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Toxicological information

Respiratory sensitisation

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Administrative data

Endpoint:
respiratory sensitisation: in vivo
Type of information:
migrated information: read-across from supporting substance (structural analogue or surrogate)
Adequacy of study:
key study
Study period:
2003
Reliability:
2 (reliable with restrictions)
Rationale for reliability incl. deficiencies:
other: Trimethylenediamine is structural very similar to ethylenediamine (difference: chain length / one CH2-group). Therefore, the conclusions drawn, are sufficient for read across and assessment of the toxicity of trimethylenediamine.

Data source

Reference
Reference Type:
publication
Title:
OECD SIDS Ethylenediamine CASN°: 107-15-3
Author:
Anonymous
Year:
2003
Bibliographic source:
UNEP Publication
Report Date:
2003

Materials and methods

Test guideline
Qualifier:
no guideline followed
Principles of method if other than guideline:
experience in humans with ethylenediamine (CAS# 107-15-3)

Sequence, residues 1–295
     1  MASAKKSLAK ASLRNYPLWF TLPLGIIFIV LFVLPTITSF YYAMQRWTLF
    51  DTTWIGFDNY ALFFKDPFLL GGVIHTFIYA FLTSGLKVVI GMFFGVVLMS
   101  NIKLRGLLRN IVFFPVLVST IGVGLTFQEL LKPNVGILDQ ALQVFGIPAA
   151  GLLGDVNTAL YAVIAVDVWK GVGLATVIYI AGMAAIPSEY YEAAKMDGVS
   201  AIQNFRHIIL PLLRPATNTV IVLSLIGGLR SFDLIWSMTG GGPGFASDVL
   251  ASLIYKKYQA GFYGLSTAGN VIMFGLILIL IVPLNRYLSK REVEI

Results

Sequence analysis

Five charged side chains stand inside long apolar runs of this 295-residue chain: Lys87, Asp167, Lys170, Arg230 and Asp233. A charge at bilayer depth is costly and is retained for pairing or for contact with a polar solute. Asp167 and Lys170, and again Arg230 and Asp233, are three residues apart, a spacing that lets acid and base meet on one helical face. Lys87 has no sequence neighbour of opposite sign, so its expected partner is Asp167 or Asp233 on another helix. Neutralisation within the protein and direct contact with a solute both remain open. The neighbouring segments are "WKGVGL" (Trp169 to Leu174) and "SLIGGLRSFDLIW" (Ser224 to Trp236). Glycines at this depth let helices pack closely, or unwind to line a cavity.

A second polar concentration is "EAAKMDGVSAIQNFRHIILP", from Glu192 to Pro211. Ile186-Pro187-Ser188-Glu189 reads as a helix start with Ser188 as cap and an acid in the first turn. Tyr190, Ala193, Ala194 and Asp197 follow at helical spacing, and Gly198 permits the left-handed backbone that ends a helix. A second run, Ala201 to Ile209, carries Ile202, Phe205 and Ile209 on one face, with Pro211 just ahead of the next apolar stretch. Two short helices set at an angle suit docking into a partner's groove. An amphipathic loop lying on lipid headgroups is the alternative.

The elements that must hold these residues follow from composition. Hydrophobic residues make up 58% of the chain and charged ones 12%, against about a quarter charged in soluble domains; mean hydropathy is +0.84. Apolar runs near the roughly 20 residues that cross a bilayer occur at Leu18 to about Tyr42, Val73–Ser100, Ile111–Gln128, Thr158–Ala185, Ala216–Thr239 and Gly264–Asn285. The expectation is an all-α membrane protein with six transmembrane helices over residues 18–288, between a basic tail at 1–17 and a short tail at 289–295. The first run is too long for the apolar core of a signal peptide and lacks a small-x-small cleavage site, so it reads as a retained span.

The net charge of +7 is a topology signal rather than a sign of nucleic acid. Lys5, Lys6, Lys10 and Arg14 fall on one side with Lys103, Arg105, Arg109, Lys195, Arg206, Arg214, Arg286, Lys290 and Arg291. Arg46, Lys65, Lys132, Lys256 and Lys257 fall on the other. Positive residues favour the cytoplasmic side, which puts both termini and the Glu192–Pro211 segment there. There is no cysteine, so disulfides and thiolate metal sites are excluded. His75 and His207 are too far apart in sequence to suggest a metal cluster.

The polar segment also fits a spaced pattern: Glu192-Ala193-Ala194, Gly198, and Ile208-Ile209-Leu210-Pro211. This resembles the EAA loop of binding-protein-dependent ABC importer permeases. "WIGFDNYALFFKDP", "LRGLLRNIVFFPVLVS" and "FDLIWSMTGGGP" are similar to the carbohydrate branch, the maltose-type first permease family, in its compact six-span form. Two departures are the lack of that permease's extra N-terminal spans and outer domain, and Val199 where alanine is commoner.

GLP compliance:
no

Test material

Reference
Name:
Unnamed
Type:
Constituent

Test animals

Species:
human
Strain:
not specified
Sex:
not specified

Test system

Route of induction exposure:
inhalation
Route of challenge exposure:
inhalation

Results and discussion

Results:
According to the evaluations reported in "OECD SIDS Ethylenediamine CASN°: 107-15 -3" (2003), there are rare reports on cases of occupational sensitization in production facilities induced by ethylenediamine. Delayed-type asthma and occasionally dual-type asthma has been observed but no cases of immediate-type asthma were reported. Also the relationship between allergy symptoms and smoking practice on respiratory sensitization to ethylenediamine has been studied in employees of a manufacturing plant in USA. A subset of 38 individuals of 337 was identified by clinical and work history as having become sensitized to ethylenediamine showing symptoms like rhinitis, coughing and expiratory wheezing which cleared after removal from ethylenediamine work environment. Based on this information ethylenediamine is found to be a respiratory sensitizer in humans. Since trimethylenediamine is structurally very similar to ethylenediamine (difference: chain length / one CH2-group), it is assumed to be a respiratory sensitizer in humans.

Applicant's summary and conclusion